After 10 years of evolving plans, another step has been taken towards developing property in the southeastern part of Turlock which will include an elementary school, city parks and residential housing.
On Thursday, the Turlock Planning Commission unanimously approved the incorporation of the Morgan Ranch Master Plan into City's General Plan. While final approval rests with the City Council, the approval of the plan and its environmental impact is indicative of growth in Turlock.
The property involved is roughly 170 acres of land in the southwest corner of Glenwood Avenue and Golf Link Road which is bound by Highway 99, located just to the south of the community of homes on 5th Avenue, Amberwood Lane and Baywood Lane. Of the 170 acres, 11 would be zoned for a public school to accommodate 300 students; 15 acres would be zoned high density residential; eight acres would be devoted to city parks including a four acre drainage ditch with a raised portion of land for jungle gym equipment; one and a half acres for office buildings; and nearly nine acres for community commercial use. A hallmark of the plan is the smaller sized lots, less than 6,000 square feet, many of which may be more affordable than median home prices and ideal for single families.
"A key feature of the Morgan Ranch Master Plan is its vision to offer greater opportunity for entry-level housing by allowing smaller lots than are typically found in Turlock," states the City report.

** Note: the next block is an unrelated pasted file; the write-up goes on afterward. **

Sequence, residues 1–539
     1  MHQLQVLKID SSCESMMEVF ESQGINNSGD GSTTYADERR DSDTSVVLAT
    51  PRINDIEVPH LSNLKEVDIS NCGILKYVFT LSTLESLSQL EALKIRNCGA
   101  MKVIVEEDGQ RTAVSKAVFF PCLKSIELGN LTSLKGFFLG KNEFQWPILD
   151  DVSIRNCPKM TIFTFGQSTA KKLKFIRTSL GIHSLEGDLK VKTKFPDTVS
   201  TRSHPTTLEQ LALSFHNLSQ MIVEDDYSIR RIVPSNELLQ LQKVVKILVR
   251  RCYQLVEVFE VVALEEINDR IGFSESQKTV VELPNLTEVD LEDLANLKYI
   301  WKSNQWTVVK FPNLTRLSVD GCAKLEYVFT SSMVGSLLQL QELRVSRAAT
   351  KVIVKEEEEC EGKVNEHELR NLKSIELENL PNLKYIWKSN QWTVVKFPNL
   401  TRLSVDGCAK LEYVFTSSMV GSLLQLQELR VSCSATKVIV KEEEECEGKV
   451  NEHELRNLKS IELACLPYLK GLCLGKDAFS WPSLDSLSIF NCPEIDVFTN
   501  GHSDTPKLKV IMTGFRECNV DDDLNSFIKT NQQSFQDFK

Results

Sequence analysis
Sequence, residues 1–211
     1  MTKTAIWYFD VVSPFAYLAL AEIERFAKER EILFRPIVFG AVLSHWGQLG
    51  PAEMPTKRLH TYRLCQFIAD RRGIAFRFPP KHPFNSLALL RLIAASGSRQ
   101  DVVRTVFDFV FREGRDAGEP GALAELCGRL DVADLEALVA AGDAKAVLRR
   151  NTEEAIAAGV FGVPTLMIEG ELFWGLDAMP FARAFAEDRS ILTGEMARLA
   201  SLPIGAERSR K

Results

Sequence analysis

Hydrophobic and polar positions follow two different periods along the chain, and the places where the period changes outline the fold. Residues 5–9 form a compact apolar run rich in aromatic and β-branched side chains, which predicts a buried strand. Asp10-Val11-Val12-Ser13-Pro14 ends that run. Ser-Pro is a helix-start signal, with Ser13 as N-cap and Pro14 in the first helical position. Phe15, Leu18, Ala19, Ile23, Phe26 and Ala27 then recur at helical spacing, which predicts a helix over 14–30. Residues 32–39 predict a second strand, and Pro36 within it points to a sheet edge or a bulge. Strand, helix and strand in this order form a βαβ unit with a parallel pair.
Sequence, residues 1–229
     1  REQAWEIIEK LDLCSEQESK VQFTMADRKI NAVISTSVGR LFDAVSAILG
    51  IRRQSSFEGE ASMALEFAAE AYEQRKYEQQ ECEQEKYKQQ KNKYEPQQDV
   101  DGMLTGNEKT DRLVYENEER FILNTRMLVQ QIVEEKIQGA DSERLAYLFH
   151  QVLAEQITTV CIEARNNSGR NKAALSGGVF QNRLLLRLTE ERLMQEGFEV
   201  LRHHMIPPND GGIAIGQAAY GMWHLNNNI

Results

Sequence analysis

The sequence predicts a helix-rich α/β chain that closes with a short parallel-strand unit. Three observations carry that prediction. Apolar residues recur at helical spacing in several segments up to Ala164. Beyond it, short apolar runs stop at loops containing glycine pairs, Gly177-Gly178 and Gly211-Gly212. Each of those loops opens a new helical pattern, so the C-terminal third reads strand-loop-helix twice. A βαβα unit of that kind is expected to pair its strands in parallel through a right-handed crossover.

Of the 15 elements that are considered when evaluating a project’s environmental impact, three were of concern with the Morgan Ranch project: the loss of agricultural resources, air quality and transportation. These three components will have a “significant and unavoidable impact” since the city will lose agricultural property, the air quality will become poorer, and there will be increased traffic upon the development of new homes. However, according to the City, the benefits outweigh the negatives in that the plan is "necessary to carry out the vision of the Turlock General Plan by providing housing and commercial opportunities to its citizens" in southeastern Turlock where growth is expected.
“These are inevitable impacts that are being driven by growth,” said Deputy Director of Development Services and Planning Debbie Whitmore, who noted that the goal is to balance the growth of the city with unchangeable environmental facts. “It’s like a balancing act it has to go through. Yes, there are residual impacts that have not been adequately mitigated, but you balance that against the benefits of the project to the city and the area overall.”
Pending the City Council's approval, developers will be able to submit subdivision maps to the City and Whitmore said there has already been interest from the development community.
"Ultimately, it's going to be driven by the market, but we have had several development companies express interest in moving forward with the maps," said Whitmore.